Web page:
• Regional resources should replicate data to a secondary region, to a multi-regional storage option such as Cloud Storage, or a hybrid cloud option such as GKE Enterprise.
  • After you have a regional outage mitigation in place, test it regularly . There are few things worse than thinking you're resistant to a single-region outage, only to find that this isn't the case when it happens for real.

Google Cloud resilience and availability approach

Google Cloud regularly beats its availability design targets, but you should not assume that this strong past performance is the minimum availability you can design for. Instead, you should select Google Cloud dependencies whose designed-for targets exceed your application's intended reliability, such that your application downtime plus the Google Cloud downtime delivers the outcome you are seeking.

A well-designed system can answer the question: "What happens when a zone or region has a 1, 5, 10, or 30 minute outage?" This should be considered at many layers, including:

  • What will my customers experience during an outage?
  • How will I detect that an outage is happening?
  • What happens to my application during an outage?
  • What happens to my data during an outage?
  • What happens to my other applications due to an outage (due to cross-dependencies)?
  • What do I need to do in order to recover after an outage is resolved? Who does it?
  • Who do I need to notify about an outage, within what time period?

Step-by-step guide to designing disaster recovery for applications in Google Cloud

The previous sections covered how Google builds cloud infrastructure, and some approaches for dealing with zonal and regional outages.

This section helps you develop a framework for applying the principle of composition to your applications based on your desired reliability outcomes.

Customer applications in Google Cloud that target disaster recovery objectives such as RTO and RPO must be architected so that business-critical operations, subject to RTO/RPO, only have dependencies on data plane components that are responsible for continuous processing of operations for the service. In other words, such customer business-critical operations must not depend on management plane operations, which manage configuration state and push configuration to the control plane and the data plane.

For example, Google Cloud customers who intend to achieve RTO for business-critical operations should not depend on a VM-creation API or on the update of an IAM permission.

Step 1: Gather existing requirements

The first step is to define the availability requirements for your applications. Most companies already have some level of design guidance in this space, which may be internally developed or derived from regulations or other legal requirements. This design guidance is normally codified in two key metrics: Recovery Time Objective (RTO) and Recovery Point Objective (RPO). In business terms, RTO translates as "How long after a disaster before I'm up and running." RPO translates as "How much data can I afford to lose in the event of a disaster."

Historically, enterprises have defined RTO and RPO requirements for a wide range of disaster events, from component failures to earthquakes. This made sense in the on-premises world where planners had to map the RTO/RPO requirements through the entire software and hardware stack. In the cloud, you no longer need to define your requirements with such detail because the provider takes care of that. Instead, you can define your RTO and RPO requirements in terms of the scope of loss (entire zones or regions) without being specific about the underlying reasons. For Google Cloud this simplifies your requirement gathering to 3 scenarios: a zonal outage, a regional outage, or the extremely unlikely outage of multiple regions.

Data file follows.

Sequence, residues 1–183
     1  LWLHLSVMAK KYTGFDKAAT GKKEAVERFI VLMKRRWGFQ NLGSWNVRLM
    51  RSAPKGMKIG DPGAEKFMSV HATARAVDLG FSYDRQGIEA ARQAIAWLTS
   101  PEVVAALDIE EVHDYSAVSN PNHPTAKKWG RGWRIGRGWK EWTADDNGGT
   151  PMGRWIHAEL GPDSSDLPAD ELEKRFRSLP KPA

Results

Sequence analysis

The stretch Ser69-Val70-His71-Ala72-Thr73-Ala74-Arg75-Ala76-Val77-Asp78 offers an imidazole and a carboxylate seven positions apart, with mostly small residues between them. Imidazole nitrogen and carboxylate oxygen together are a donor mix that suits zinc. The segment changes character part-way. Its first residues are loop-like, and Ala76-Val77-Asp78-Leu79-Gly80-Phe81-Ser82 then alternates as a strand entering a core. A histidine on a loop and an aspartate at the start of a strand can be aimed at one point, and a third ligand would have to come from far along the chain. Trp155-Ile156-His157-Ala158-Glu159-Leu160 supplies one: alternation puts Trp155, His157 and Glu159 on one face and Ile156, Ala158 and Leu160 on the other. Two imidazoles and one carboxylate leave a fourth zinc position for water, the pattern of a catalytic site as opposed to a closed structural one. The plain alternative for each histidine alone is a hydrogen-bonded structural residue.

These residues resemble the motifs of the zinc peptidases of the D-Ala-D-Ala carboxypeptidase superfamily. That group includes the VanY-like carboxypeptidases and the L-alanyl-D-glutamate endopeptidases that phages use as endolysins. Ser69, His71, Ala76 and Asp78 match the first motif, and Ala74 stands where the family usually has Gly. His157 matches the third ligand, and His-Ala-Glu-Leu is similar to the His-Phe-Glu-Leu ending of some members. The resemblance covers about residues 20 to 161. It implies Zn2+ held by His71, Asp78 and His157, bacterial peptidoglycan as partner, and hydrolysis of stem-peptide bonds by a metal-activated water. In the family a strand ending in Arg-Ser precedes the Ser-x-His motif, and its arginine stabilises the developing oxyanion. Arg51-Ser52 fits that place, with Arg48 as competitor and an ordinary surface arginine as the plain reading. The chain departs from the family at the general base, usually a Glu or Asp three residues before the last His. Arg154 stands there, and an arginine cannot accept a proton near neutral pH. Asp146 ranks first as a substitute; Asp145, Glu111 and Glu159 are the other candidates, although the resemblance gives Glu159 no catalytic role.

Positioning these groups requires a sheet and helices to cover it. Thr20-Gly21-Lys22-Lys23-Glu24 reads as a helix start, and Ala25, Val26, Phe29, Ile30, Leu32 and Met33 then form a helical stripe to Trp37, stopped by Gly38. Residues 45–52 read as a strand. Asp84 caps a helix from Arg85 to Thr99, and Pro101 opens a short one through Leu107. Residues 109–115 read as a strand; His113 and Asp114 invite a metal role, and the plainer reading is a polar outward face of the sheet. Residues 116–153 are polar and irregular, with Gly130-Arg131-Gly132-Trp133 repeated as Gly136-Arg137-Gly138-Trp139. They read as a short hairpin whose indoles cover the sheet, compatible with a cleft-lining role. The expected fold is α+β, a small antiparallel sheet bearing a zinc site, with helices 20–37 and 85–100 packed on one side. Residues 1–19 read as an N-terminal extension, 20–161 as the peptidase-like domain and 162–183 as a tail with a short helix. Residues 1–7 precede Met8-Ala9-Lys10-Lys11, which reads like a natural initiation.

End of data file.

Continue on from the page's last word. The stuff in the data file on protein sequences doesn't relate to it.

Recognizing that not every application has equal criticality, most customers categorize their applications into criticality tiers against which a specific RTO/RPO requirement can be applied. When taken together, RTO/RPO and application criticality streamline the process of architecting a given application by answering:

  • Does the application need to run in multiple zones in the same region, or in multiple zones in multiple regions?
  • On which Google Cloud products can the application depend?

This is an example of the output of the requirements gathering exercise:

RTO and RPO by Application Criticality for Example Organization Co:

Step 2: Capability mapping to available products

The second step is to understand the resilience capabilities of Google Cloud products that your applications will be using. Most companies review the relevant product information and then add guidance on how to modify their architectures to accommodate any gaps between the product capabilities and their resilience requirements. This section covers some common areas and recommendations around data and application limitations in this space.

As mentioned previously, Google's DR-enabled products broadly cater for two types of outage scopes: regional and zonal. Partial outages should be planned for the same way as a full outage when it comes to DR. This gives an initial high level matrix of which products are suitable for each scenario by default:

Google Cloud Product General Capabilities (see Appendix for specific product capabilities)

* All Google Cloud products are resilient to component failure, except in specific cases noted in product documentation. These are typically scenarios where the product offers direct access or static mapping to a piece of speciality hardware such as memory or Solid State Disks (SSD).